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Who wants to be an ISA millionaire?

3 February 2017

David Prosser looks at how making the most of your annual tax-free savings allowance could make you a millionaire.

Here’s a thought to cheer you up this miserable winter: in only a few years’ time, you could be a millionaire, just from making good use of the annual tax-free savings allowance that the Government offers everyone to encourage them to save more. Indeed, several hundred people have already built up individual savings accounts (ISAs) worth more than £1m according to research published by the Daily Telegraph last year.

So how long will it take? Well, analysis from Fidelity Investments suggests that starting from scratch today, you could be an ISA millionaire in less than three decades, even based on some relatively conservative assumptions. Its forecast assumes you invest the maximum amount possible within your ISA each year and that the allowance increases by 2 per cent annually; you’ll then need to earn an average annual return of 5 per cent, assuming annual charges of around 1 per cent. Using this model, it would take 27 years and 10 months to go from zero to £1m, Fidelity says.

Short cuts to the £1m mark

The good news is that you may not need to wait anywhere near that long to hit the £1m target. For one thing, this year the ISA allowance will rise by substantially more than 2 per cent. On 6 April, it rises from the current £15,240 to a whacking £20,000 – that offers a real opportunity to put more into tax-free savings than ever before.

Remember too that couples get their own ISA allowances, which effectively doubles the amount they can invest each year. Those couples who both take advantage of their ISA allowances will break through the £1m mark in half the time.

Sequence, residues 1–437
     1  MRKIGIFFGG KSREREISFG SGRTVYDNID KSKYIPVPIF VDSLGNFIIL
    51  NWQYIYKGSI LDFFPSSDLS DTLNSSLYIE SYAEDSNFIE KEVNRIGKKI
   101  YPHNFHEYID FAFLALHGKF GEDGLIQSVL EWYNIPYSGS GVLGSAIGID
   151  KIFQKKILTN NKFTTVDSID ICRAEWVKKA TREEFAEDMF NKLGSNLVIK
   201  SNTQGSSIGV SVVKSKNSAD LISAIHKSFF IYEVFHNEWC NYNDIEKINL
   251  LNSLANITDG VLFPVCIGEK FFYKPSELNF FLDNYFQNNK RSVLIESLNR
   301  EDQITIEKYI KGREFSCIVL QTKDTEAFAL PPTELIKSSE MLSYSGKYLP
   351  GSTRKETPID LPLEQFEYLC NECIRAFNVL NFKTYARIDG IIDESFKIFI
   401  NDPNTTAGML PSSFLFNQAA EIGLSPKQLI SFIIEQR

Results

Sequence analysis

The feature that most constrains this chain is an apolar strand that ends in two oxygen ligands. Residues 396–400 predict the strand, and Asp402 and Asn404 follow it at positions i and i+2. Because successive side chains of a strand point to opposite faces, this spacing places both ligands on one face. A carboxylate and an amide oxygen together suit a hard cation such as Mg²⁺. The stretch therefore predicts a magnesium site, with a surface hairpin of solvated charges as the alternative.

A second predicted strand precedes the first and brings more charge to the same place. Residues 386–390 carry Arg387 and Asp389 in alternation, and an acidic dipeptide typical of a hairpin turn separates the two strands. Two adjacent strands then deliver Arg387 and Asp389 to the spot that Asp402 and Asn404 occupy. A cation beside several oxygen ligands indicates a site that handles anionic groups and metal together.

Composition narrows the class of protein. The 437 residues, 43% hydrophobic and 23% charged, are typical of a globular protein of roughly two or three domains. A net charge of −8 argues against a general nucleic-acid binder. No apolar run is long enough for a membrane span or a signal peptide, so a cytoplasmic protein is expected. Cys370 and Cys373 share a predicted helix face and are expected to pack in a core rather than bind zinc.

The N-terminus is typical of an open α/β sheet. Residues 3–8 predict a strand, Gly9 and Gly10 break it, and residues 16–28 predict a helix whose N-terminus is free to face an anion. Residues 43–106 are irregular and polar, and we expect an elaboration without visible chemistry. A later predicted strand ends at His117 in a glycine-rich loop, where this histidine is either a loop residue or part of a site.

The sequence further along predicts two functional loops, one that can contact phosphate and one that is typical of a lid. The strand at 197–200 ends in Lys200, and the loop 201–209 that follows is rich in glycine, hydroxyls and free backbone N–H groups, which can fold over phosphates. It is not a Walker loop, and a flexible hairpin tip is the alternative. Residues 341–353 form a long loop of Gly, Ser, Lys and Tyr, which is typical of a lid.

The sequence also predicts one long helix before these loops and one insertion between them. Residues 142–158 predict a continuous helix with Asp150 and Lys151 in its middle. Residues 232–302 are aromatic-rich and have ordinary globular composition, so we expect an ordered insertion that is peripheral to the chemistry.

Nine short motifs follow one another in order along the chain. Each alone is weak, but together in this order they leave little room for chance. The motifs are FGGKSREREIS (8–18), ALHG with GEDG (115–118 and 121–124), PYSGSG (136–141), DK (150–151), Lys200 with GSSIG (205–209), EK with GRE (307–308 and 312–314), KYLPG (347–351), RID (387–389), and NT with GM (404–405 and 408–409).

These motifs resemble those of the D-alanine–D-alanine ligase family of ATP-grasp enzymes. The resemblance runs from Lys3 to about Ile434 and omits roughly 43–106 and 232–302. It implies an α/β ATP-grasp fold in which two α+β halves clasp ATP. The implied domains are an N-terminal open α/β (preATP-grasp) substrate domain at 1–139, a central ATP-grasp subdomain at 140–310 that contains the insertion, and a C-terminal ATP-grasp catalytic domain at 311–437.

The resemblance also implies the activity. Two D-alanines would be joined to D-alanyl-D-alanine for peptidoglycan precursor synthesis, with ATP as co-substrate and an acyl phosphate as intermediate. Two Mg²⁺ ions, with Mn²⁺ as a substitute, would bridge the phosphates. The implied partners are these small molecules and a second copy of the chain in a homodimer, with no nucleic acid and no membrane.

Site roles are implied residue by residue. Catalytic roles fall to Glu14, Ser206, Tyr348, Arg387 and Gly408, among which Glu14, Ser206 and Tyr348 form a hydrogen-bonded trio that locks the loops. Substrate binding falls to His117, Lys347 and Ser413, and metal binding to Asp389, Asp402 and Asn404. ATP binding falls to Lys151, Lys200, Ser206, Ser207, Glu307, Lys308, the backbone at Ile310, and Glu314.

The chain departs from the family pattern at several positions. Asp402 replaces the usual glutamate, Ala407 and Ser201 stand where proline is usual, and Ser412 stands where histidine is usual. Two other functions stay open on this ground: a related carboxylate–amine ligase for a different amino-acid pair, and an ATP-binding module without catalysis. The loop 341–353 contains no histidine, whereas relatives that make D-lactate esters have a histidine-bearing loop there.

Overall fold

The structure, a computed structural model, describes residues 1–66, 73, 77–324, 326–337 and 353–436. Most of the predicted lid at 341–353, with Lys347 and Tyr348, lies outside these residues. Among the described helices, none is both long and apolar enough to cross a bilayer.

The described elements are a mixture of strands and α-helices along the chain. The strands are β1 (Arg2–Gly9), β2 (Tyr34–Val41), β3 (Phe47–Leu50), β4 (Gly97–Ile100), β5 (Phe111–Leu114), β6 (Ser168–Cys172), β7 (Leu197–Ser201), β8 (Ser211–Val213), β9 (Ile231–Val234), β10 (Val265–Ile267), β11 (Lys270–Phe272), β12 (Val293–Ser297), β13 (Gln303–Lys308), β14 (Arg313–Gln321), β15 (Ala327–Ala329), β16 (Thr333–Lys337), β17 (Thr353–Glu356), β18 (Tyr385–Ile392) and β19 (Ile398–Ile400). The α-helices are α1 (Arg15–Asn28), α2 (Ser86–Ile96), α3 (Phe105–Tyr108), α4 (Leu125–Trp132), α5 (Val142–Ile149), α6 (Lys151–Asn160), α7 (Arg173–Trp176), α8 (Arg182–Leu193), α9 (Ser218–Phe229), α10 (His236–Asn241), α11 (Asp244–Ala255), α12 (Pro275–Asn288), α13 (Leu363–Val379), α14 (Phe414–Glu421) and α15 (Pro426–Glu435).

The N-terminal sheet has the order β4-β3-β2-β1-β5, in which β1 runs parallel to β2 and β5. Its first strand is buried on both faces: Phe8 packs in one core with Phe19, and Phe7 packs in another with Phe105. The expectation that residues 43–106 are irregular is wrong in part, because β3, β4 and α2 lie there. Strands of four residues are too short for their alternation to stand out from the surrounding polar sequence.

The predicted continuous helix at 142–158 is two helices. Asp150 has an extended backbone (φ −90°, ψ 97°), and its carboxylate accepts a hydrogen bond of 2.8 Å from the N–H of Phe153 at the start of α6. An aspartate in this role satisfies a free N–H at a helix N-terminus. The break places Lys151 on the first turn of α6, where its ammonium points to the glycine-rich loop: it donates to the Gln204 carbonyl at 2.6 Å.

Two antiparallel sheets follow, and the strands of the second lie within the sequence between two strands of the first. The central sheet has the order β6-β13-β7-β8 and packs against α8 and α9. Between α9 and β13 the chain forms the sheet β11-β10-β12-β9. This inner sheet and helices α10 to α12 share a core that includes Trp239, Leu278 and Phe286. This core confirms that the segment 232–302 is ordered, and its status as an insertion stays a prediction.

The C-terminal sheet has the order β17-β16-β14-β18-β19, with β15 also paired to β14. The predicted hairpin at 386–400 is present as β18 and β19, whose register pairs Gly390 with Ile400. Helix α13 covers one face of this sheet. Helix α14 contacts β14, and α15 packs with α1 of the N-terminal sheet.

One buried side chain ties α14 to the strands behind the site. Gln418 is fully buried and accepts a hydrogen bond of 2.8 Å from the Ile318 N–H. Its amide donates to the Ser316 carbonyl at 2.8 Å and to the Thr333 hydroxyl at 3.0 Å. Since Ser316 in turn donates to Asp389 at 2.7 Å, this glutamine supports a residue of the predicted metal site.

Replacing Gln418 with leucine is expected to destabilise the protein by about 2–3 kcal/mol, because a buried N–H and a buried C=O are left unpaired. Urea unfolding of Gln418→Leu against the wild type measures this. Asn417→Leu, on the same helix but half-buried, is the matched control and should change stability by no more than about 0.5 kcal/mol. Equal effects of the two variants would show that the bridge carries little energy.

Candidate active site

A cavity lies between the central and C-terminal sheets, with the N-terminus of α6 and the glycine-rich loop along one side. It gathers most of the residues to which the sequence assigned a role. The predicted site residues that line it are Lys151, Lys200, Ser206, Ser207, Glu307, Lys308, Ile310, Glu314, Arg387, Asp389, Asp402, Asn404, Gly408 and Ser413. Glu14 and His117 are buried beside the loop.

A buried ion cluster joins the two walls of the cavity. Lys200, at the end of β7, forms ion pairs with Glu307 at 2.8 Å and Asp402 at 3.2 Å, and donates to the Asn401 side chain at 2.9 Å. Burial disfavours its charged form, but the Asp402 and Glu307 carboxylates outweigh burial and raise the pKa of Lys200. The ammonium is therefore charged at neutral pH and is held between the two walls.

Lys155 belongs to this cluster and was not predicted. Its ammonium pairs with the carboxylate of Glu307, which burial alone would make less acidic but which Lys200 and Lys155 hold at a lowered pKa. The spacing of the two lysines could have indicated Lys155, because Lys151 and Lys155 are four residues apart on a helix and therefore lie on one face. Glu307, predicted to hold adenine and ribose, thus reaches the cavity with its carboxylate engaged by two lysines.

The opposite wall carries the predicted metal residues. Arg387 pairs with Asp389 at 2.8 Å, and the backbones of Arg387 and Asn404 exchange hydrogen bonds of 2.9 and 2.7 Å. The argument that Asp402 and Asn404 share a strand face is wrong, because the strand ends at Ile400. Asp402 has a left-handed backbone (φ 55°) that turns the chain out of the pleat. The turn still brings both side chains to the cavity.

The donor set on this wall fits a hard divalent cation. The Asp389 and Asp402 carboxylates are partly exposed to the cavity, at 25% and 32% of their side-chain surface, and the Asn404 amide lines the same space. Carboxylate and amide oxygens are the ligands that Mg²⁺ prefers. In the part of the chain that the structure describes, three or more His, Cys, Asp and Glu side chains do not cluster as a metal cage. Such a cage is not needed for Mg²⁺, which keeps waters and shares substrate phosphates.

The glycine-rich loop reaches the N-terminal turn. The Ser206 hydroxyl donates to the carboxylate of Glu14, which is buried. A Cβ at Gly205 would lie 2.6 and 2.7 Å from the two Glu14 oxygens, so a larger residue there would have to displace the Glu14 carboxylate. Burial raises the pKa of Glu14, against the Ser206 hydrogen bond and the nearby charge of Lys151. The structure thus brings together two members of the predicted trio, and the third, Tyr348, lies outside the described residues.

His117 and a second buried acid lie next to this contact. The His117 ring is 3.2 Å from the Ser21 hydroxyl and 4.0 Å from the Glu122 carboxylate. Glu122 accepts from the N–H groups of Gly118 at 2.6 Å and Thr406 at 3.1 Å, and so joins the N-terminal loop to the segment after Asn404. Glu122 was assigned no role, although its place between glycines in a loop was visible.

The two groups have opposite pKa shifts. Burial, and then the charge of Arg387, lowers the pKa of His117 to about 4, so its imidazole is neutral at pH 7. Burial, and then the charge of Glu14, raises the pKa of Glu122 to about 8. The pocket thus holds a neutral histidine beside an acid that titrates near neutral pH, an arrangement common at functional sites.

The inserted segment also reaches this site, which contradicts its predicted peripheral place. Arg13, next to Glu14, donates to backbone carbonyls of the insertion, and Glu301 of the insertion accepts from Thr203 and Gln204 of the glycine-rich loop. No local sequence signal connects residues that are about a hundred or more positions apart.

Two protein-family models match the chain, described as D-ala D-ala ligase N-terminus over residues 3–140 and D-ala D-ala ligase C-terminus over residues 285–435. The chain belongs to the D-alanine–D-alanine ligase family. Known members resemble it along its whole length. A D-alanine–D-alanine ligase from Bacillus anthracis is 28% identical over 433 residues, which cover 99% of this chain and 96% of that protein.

Moreover, many investors will hope to earn more than an average of 4 per cent after charges. If they’re successful, they’ll reach £1m significantly more rapidly, particularly after taking into account the effect of compound interest.

It’s the underlying investment that matters

However, the key factor in this race to a £1m will be the underlying investments in your ISAs; remember, ISAs aren’t investments in their own right – rather they’re shelters within which you can hold a broad range of assets in order to insulate them from income tax and capital gains tax charges. On large portfolios of investments, the tax savings will be substantial, but you’ll need to pick assets that perform strongly and consistently.

In which case, investment companies have a good claim to a big role in your ISA strategy. They provide a practical solution for investors, offering both lump-sum investment and regular savings options, and are all ISA-qualifying holdings. They also offer exposure to a broad range of assets, including the stock market, which has tended to produce higher long-term returns than other investments, and is likely to be a central plank of most long-term investors’ strategies.

On performance, research has consistently shown that, in the past at least, investment companies have tended to outperform other types of collective investment fund. This is no guarantee they will continue to do so in the future, but investment companies do offer certain advantages – generally low charges, structural benefits, and the ability to take on gearing, a technique which boosts returns when markets are rising.

You don’t have to use your entire ISA allowance each year to invest in investment companies, but this type of fund does have real benefits, and there’s enough choice to build a diversified portfolio of funds with different appeal. Who knows whether you’ll reach £1m – but it’s not out of the question if you get started sooner rather than later.

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